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Opinion: Why you should try Slack at a time when working from home is stressful

Mandatory closings of nonessential businesses are pushing more employees into home offices. Conversations about clients and other serious matters that usually occur in offices and across cubicle dividers are being held in flurries of emails and conference calls.

They should be taking place in Slack. Our firm uses the secured, online platform because it fosters open communication. Attorneys and their assistants receive information faster without checking their inboxes every two minutes.

How? In the traditional law firm model, for example, a senior partner interacts with a client shares a portion of the facts with someone, who in turn shares a smaller portion of it with someone else.

Working from home has disrupted that weak flow of information. Team members now have less of an understanding of a situation because they have to read and respond to email chains. Matters become worse when they miss a video or telephone conference due to schedule conflicts.

Another problem: When a senior partner is in charge, there’s an attention gap. Let’s say that individual works on the matter for an hour, goes to an online meeting, and then has a different client matter. That person is constantly delivering information to the team, pushing deadlines and assigning tasks.

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When you open the process on Slack, people within the firm get the information themselves. They assign their own tasks. And they act without having to ask the senior partner what’s next.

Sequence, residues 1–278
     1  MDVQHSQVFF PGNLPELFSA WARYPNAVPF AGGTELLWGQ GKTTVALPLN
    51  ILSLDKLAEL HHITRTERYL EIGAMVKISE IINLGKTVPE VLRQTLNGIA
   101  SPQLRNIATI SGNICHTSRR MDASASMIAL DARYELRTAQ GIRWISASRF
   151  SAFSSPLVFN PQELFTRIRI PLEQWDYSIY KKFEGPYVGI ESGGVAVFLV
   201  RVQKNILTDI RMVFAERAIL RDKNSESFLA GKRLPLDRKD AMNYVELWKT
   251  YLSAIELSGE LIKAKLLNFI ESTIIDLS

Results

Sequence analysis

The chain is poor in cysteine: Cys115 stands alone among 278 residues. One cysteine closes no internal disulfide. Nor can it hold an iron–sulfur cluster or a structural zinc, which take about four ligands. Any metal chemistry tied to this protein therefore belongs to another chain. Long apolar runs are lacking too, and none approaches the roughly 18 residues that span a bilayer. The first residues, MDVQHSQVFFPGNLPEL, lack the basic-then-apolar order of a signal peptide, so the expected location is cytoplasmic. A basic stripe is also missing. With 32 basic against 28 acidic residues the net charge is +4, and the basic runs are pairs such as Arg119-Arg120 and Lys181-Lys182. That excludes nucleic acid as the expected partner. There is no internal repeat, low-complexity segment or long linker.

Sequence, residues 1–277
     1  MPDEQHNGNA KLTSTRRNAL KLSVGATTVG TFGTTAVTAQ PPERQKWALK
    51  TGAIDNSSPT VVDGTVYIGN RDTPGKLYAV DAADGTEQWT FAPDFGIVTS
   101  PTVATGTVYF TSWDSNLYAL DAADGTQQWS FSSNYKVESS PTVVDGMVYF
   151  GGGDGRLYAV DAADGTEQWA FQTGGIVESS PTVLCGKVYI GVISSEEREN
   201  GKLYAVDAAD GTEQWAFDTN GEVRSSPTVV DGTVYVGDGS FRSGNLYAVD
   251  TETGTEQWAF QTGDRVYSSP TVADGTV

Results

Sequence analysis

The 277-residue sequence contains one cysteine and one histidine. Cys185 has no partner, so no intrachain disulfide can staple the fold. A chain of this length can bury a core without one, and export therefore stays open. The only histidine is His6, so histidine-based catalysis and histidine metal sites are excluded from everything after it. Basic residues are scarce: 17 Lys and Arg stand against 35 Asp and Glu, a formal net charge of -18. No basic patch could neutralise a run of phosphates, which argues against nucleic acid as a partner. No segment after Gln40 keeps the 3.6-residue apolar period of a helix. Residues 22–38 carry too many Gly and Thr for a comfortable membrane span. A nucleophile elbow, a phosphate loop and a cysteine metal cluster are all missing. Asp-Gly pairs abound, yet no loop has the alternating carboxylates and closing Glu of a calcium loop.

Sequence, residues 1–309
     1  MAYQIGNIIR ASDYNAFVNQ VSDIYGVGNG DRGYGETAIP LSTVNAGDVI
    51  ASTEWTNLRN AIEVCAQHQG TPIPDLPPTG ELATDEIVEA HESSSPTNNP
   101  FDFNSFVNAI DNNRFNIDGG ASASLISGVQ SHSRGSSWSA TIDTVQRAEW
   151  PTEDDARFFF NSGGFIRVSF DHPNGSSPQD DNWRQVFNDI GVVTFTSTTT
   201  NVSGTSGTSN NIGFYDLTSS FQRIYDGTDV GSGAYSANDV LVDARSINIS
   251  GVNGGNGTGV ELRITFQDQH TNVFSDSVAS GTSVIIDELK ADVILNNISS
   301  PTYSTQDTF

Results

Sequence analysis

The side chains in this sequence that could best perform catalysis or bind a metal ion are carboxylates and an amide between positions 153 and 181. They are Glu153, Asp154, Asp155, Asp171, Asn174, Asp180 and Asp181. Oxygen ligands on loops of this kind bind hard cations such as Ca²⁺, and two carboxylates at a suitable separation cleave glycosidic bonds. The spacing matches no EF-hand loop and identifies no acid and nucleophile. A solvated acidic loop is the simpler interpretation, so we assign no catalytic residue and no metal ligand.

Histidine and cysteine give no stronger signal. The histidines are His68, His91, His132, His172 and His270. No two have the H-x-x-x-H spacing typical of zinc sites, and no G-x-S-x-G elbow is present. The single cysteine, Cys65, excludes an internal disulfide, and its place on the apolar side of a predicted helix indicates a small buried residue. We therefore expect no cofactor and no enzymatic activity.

The free flow of information in an online channel creates a new, more agile project management system. Members can see all the components and act on any of them.

The most valuable aspect may not be that digital huddles speed tasks. It’s that the system improves business structure. In most office settings, senior staff members operate on high with all the information. Everybody else runs around, doing what they’re told.

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Slack flattens that structure by giving everyone access to information and, with that, the ability to contribute ideas and insights. Those can range from discussing strategy to reminding team members what happened in a similar instance, or even, “Hey, don’t forget that our client likes this way of doing things.”

This model, and there are other platforms like it, creates transparency. The way our firm has structured its use, everybody on a team knows everything they need to move a matter forward, including the financials.

We preserve a client’s privacy by showing the information only to those who need it, just as if they had the keys to a locked file cabinet. Others within the firm are shown details only when their contributions are needed.

We’re not the first to use Slack. Others have tried it and written that they abandoned it: too chatty, distracting, and addicting at the personal and organizational level, social isolating. Well, we’re self-isolating due to COVID-19. Chatting can help people feel in touch with colleagues.

To be clear, Slack is not social media; you don’t log in because you’re afraid you’ll miss something trending or to track your likes and followers. Because it’s not advertiser-driven, alerts are designed to be useful, not keep you online as long as possible scrolling through selfies and cat videos.

Email’s evils are magnified in this environment. Videoconferences waste time in the wrong hands, such as those of micro-managers.

Still, there’s the human temptation to stay online all the time, whether it’s Slack, Instagram or texting. Self-discipline is needed, just as it was when workers sat at their office desks.

View Slack as an opportunity to adapt and improve office operations. It can help restore a sense of normalcy at a time when nothing seems routine.

Luis Salazar is the founder of Salazar Law of Coral Gables. Luis@Salazar.Law.

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